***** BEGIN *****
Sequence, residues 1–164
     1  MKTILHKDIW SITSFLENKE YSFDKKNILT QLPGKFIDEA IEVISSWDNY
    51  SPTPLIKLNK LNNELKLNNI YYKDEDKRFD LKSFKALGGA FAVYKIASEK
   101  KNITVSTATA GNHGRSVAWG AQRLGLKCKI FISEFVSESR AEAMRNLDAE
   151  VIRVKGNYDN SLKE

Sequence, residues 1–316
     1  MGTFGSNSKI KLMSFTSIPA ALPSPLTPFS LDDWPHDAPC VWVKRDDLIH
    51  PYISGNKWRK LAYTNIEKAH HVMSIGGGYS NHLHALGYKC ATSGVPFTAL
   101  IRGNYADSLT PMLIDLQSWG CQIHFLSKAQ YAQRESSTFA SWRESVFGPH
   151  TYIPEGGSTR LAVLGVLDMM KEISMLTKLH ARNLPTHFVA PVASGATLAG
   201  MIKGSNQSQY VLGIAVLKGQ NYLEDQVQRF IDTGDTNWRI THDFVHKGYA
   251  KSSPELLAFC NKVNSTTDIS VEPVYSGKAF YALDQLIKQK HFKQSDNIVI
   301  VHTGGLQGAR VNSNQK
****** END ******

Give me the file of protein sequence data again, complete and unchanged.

Sequence, residues 1–164
     1  MKTILHKDIW SITSFLENKE YSFDKKNILT QLPGKFIDEA IEVISSWDNY
    51  SPTPLIKLNK LNNELKLNNI YYKDEDKRFD LKSFKALGGA FAVYKIASEK
   101  KNITVSTATA GNHGRSVAWG AQRLGLKCKI FISEFVSESR AEAMRNLDAE
   151  VIRVKGNYDN SLKE

Sequence, residues 1–316
     1  MGTFGSNSKI KLMSFTSIPA ALPSPLTPFS LDDWPHDAPC VWVKRDDLIH
    51  PYISGNKWRK LAYTNIEKAH HVMSIGGGYS NHLHALGYKC ATSGVPFTAL
   101  IRGNYADSLT PMLIDLQSWG CQIHFLSKAQ YAQRESSTFA SWRESVFGPH
   151  TYIPEGGSTR LAVLGVLDMM KEISMLTKLH ARNLPTHFVA PVASGATLAG
   201  MIKGSNQSQY VLGIAVLKGQ NYLEDQVQRF IDTGDTNWRI THDFVHKGYA
   251  KSSPELLAFC NKVNSTTDIS VEPVYSGKAF YALDQLIKQK HFKQSDNIVI
   301  VHTGGLQGAR VNSNQK